We live in a world where our reliance on technology has increased tenfold since the past decade perhaps even more. The rapid increase in dependence on tech means we often are faced with unforeseeable issues.
In this tech-forward world, all our data can be accessed and misused if the appropriate measures are not taken. After the Cambridge Analytica scandal which revealed gross data violations by Facebook made people more aware of data protection laws. Apple was one of the first companies to take a step to prioritize its user’s data. Silicon Valley-based has always been vigilant when it comes to privacy and recently introduced the App Tracking Transparency feature as a privacy upgrade. While Facebook openly disagreed with the feature, Google seemed to have taken a neutral stance until now. The latter is working on updating its privacy policies to give users more control over their data.
New Privacy Upgrade
Due to Google’s new privacy upgrade Android apps that haven’t been used in a long time will soon lose their ability to access critical device functionalities like sensors, Phone messages, and contact lists.
Google aims to expand the availability of “permissions auto-reset,” an Android privacy feature that immediately revokes an app’s previously granted permissions to access a device’s location, camera, microphone, and other features, starting in December. It is worth mentioning, last year, Google debuted the capability for Android 11, but it will be expanded to “billions of more devices” in December via Google Play services for devices running Android 6.0 and newer.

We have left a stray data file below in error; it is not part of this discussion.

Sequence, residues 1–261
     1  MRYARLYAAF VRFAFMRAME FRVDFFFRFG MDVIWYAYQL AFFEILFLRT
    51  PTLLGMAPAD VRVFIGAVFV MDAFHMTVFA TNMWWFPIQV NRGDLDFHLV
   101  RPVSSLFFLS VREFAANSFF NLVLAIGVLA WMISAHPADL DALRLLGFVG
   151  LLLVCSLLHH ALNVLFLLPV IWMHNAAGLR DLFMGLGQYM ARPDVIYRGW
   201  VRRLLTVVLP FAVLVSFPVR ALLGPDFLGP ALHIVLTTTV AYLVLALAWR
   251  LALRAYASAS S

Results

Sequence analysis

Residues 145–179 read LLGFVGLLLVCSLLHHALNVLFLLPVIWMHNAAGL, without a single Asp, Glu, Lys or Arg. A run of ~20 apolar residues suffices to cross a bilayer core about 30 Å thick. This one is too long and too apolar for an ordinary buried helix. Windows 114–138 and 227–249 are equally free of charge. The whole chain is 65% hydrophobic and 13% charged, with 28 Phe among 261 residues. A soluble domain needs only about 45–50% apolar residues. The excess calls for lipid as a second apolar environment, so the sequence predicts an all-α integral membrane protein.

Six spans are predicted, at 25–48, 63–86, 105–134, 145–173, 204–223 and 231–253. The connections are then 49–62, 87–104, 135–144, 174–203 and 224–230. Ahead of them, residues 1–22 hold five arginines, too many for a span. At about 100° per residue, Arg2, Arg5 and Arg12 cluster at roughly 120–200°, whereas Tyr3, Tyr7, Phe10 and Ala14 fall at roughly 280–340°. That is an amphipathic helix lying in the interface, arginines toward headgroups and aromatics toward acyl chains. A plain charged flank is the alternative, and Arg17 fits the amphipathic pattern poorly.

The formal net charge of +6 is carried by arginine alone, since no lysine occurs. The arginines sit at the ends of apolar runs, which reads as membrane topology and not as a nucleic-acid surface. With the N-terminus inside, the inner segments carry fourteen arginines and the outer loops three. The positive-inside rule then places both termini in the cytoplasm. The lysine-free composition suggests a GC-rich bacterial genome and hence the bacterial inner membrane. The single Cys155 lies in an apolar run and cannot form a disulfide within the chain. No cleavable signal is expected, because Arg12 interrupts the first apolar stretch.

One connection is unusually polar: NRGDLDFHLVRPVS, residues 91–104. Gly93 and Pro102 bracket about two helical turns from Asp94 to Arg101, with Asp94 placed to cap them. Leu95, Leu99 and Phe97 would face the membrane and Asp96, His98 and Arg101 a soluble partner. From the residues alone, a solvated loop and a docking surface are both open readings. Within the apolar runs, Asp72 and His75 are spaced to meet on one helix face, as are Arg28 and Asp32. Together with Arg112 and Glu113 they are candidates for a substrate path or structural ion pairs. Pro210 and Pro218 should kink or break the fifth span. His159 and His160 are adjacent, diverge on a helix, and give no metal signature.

The function is designed to assist Android users in managing privacy-sensitive app permissions when they have dozens of apps on their smartphone, many of which aren’t used frequently or for long periods. It focuses on an app’s “runtime permissions,” or “dangerous permissions,” which allow it to access the user’s location, contact information, messages, and other personal information.
If an app targeting Android 6 or higher isn’t utilized for a few months after being released in the second quarter of 2022, Android will automatically reset the sensitive runtime permissions that the user granted to the app. All Android apps on consumer devices will be affected by the change. Google has provided an exception for company-managed apps and apps with permissions set by enterprise policy.
Developers can also ask a user to disable auto-set for their app on Google’s platform. This could be appropriate for apps that are supposed to run in the background, such as family safety apps, data syncing apps, smart device control apps, or device pairing apps.
The auto-reset feature will be gradually rolled out after launching in December, but it won’t reach all devices running Android 6 to Android 10 until Q1 2022, according to Google. Users with Android 6 to 10 can enable or disable auto-reset for certain apps by going to an auto-reset settings page.
The aforementioned privacy upgrades are a major step towards data protection. If more companies such as Google start working on similar privacy upgrades the virtual world would become more secure and accessible for everyone. We will have to wait and see how this new functionality is implemented and its implications on the tech world.